Social Technologies in Health Care – Part IV

In Part III of this series, I offered a recommendation for health care associations with regard to Twitter:

Create a Twitter account for your association, if only for defensive purposes. Use Twitterfeed to automatically tweet. 

I think that was fine, as far as it went, and I think it is an essential step. But in the last two months I have seen immense potential for beneficial engagement by actively becoming involved with Twitter at the organizational level. It needs to be more than just a defensive measure.

I see Twitter being valuable not just for communication with members, but also for outreach to people who share your organization’s goals but may not yet be members. I believe it’s really worth your time to understand it, and to that end recommend the SMUG Twitter curriculum (or for an overview, going through the #tweetcamp2 course, for which the slides and accompanying videos from the Webcast archive  are embedded below.)

Social Technologies in Health Care – Part III

Note: This is the third in a series of posts based on material I provided in advance for  a two-part panel in March sponsored by ASAE & The Center for Association Leadership, “Social Technologies in Healthcare: Applications, Implications and What’s Next?

Question Three: How should medical associations/societies capitalize on social technologies in their work?

Societies and their members should get hands-on experience with social tools so they can see for themselves what the most productive uses would be. If they are concerned about HIPAA or patient privacy concerns, start by using the tools within your organization, apart from any direct patient-care application.

With that appropriate disclaimer, I’’ll offer a few practical steps to help you get started, and while step 5 may be most important I put it last so that you don’’t get so hung up in strategy that you don’’t do anything.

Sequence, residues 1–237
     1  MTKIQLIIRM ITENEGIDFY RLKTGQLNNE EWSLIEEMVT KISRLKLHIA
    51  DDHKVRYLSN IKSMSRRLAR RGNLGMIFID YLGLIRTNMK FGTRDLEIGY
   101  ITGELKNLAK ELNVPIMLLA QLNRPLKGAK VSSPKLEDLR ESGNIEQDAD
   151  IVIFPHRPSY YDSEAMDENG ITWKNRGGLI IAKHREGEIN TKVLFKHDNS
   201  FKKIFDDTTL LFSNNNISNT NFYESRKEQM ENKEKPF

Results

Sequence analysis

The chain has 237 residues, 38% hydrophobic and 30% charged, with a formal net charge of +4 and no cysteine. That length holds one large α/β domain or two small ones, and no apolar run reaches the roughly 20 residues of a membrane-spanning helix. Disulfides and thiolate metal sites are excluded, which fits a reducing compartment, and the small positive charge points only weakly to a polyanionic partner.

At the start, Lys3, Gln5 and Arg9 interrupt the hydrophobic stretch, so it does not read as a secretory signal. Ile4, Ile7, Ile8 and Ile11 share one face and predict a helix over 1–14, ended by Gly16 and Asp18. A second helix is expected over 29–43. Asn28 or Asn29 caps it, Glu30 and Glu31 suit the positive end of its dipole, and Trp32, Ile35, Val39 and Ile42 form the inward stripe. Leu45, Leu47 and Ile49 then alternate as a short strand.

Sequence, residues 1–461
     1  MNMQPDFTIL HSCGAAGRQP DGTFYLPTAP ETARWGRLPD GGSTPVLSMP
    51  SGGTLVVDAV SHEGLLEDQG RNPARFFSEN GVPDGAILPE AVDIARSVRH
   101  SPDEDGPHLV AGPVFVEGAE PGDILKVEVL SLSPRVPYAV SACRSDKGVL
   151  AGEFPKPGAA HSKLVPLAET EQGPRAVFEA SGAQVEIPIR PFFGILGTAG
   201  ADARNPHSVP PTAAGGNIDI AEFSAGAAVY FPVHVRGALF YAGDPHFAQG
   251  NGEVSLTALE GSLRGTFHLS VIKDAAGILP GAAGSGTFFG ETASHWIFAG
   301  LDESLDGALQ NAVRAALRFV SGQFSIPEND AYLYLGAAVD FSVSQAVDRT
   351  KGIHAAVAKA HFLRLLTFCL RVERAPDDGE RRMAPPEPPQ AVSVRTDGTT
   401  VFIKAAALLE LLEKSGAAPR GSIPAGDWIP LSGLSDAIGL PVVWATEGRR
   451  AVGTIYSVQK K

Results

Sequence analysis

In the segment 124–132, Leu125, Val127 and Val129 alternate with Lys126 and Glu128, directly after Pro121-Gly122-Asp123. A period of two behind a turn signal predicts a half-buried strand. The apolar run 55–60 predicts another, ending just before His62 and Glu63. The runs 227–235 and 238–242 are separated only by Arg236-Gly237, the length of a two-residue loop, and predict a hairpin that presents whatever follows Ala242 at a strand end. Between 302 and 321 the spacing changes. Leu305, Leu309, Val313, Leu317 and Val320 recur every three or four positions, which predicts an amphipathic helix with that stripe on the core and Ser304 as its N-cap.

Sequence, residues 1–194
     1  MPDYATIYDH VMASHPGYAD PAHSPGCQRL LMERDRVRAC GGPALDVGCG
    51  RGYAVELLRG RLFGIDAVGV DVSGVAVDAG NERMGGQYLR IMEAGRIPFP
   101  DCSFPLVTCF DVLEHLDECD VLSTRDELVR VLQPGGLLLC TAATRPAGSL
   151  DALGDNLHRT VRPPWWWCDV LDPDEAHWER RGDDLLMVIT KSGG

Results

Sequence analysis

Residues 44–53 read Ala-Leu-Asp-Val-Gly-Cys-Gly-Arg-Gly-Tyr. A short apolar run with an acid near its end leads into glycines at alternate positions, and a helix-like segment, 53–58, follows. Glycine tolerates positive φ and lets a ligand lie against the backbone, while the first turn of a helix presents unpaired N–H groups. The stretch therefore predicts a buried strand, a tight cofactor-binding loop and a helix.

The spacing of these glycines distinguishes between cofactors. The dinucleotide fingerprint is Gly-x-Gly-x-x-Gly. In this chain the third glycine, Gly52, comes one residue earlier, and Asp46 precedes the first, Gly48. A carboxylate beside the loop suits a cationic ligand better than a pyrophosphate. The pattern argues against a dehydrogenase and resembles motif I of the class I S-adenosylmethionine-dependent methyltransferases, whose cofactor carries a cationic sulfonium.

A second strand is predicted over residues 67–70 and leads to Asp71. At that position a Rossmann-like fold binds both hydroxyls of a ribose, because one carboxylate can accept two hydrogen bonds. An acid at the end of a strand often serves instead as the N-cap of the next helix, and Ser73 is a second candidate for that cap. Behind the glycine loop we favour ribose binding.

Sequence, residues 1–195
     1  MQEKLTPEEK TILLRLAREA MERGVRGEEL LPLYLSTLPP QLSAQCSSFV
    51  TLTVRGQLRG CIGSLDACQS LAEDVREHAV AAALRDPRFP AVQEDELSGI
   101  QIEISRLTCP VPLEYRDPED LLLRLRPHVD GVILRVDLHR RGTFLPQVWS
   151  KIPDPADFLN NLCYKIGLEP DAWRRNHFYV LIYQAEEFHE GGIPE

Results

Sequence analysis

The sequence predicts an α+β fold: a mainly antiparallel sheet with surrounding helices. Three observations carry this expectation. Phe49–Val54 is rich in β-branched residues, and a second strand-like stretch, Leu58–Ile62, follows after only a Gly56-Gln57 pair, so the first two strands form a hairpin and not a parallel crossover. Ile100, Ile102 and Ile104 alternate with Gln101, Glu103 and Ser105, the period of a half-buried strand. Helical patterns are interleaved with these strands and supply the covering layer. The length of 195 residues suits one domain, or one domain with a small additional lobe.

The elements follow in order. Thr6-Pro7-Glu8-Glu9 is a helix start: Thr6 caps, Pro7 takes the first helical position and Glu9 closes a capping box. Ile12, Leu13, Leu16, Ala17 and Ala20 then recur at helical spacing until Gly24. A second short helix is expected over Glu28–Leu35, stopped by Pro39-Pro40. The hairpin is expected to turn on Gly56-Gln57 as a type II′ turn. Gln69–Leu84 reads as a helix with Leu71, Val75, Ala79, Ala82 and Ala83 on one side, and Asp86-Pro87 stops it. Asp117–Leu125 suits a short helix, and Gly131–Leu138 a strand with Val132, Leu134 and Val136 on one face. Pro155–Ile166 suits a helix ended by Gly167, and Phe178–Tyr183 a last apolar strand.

1. Use the tools to help run the associations and as an added member benefit. Build outposts on the general-purpose social networking sites, particularly Facebook.
  2. Create a YouTube channel. Feature your members. Encourage them to create YouTube channels. Subscribe to each other’s’ channels and become “friends.” “Favorite” each other’s’ videos.
  3. Create a Twitter account for your association, if only for defensive purposes. Use Twitterfeed to automatically tweet. 
  4. Create one or more blogs. You’’ve got a Web site, right? That’s all a blog is: an easy-to-publish Web site that allows comments, interaction and sharing. You can make your blogs part of your site, or you can have your blog become your site.
  5. Think about how you will tie them all together into a coherent strategy. But don’t let yourself become paralyzed, waiting until you have the perfect strategy before you execute anything. You’ll learn as you go, and these tools are highly reconfigurable. But it’s a lot easier to modify your direction if you’re already moving than it is to get going from a dead stop. So start.

It won’t surprise SMUGgles that I advised diving in and getting hands-on experience. While not necessarily disagreeing, Frank Fortin, one of my fellow panelists, highly commended the POST method as outlined by Charlene Li and Josh Bernoff in Groundswell: Winning in a World Transformed by Social Technologies. I agree that this framework is helpful and also recommend reading Groundswell, but think the first step should be developing personal familiarity with the tools so you can envision potential applications for your organization.

I originally answered these questions about a month in advance of an event that was about a month ago, so my thinking has continued to evolve. In the final post in this series, I will highlight at least one area in which I now think a more aggressive strategy is in order.